^Troll: DO NOT FEED.
  • RainRain Posts: 8,958 ✭✭✭
    I said no first.
  • Ken_LightKen_Light Posts: 3,539 ✭✭✭
    Rain:
    I said no first.
    Ok fine. But you had to bring the Matrix into it. Also isn't this guy you?
    ^Troll: DO NOT FEED.
  • Ken_LightKen_Light Posts: 3,539 ✭✭✭
    Ken Light:
    Rain:
    I said no first.
    Ok fine. But you had to bring the Matrix into it. Also isn't this guy you?
    There is no spoon
    ^Troll: DO NOT FEED.
  • Ken_LightKen_Light Posts: 3,539 ✭✭✭
    Ken Light:
    Ken Light:
    Rain:
    I said no first.
    Ok fine. But you had to bring the Matrix into it. Also isn't this guy you?
    There is no spoon
    The cake is a lie
    ^Troll: DO NOT FEED.
  • kuzi16kuzi16 Posts: 14,616 ✭✭✭✭
    timtom:
    Perhaps no one right answer can be concluded from my question though I have gathered some really useful information from what has been presented. I will in fact try the retro hale idea and determine if it helps along with the idea of two very different, or so called as the case may very well be, and cleansing the palate between inhales to see if I am truly taste bud dead. Thanks gentlemen for your great advise. Tim.
    and slow down. puff a minute MAX.
    a robusto takes most people over an hour to finish.
  • Ken_LightKen_Light Posts: 3,539 ✭✭✭
    You should slow down everything. If you take at least 3 hours to watch old episodes of 60 minutes, you'll find that Andy Rooney is way less harsh and more complex and sophisticated at the end.
    ^Troll: DO NOT FEED.
  • youngryan216youngryan216 Colorful Colorado Posts: 1,149 ✭✭✭
    Ken Light:
    You should slow down everything. If you take at least 3 hours to watch old episodes of 60 minutes, you'll find that Andy Rooney is way less harsh and more complex and sophisticated at the end.
    ^I lol'd
    ISO Ramrod and Ron Mexico
  • CigaryCigary Posts: 630
    A question that is asked a lot esp. with those who start out with this hobby. Consider what a wine sommelier does and how they become one. In order to differentiate tastes you have to expose yourself to a cigar many times so that you have a true frame of reference and taste that goes with a particular cigar...an association. Once you have gotten yourself used to tasting things...cigars/wine/coffee you will adapt or taste the finer variations to them only because you have history with the product and you have fine tuned your sense of taste to them. This is how sommeliers and coffee experts refine their tastes and are able to distinguish certain flavors because they are exposed to them time and time again. What you said about the senses working against each other is not true at all...it's a combination of both of those senses working in tandem where the synapse in the brain then cements that acclimation of taste to the brain. You're not changing the taste...you're actually training your senses to be more observant in this regard. If it is a deception then you could take the worst dog rocket ever made and make yourself think you're smoking an Opus....if you can do that then there is a place in the business for you to make a ton of money.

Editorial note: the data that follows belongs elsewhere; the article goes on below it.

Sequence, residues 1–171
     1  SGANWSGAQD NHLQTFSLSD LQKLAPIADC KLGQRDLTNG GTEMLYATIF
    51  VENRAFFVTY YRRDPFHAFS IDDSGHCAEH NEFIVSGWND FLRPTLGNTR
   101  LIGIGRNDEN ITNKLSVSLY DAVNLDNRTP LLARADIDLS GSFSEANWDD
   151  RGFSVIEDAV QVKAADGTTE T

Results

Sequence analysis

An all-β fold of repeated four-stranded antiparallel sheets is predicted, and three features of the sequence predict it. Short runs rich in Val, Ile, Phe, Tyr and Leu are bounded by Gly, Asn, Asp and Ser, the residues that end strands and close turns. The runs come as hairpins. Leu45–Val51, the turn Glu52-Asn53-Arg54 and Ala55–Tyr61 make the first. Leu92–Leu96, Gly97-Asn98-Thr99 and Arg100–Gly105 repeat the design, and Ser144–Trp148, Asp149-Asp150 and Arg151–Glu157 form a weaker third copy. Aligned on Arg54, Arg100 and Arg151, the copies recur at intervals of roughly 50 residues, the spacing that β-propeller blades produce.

• Retircs1Retircs1 California Posts: 453
    timtom:
    Is it possible that most of the taste found in cigars are mind over matter and therefore wishful thinking, ultimately leading to tasting, different flavors? I have surmised that the taste buds actually become dead to differentiation of taste the more one smokes and hence the taste are actually created within the creative devises of our left hemisphere of the brain. Could this be the true development of the pallet, a deception of our own brains? Just asking?
    you know when I do smoke a cigar my wife is the first one to tell me how it smells and the ones that smell bad most of the time do not taste very good either. but allergies, colds and other things you eat do effect your tatse buds. It takes only a week or so to break the spell your tongue is under. You’ll have to give up processed sweet foods and get rid of artificial sweeteners. Use only very small amounts of natural sweeteners (like Stevia, Xylitol, honey and agave) and eat fruits instead. Enhance your food with things like spices or all-natural, no calorie, True Lemon, True Lime or True Orange. When your taste buds recover their normal sensitivity try using half the amount of sugar on your foods, for baking and in drinks. By then you’ll probably realize that fruit and sweet vegetables like yams are delicious and satisfying, and your tongue will tell you the sugary, artificial foods you used to love now seem way too sweet. after fire up a stick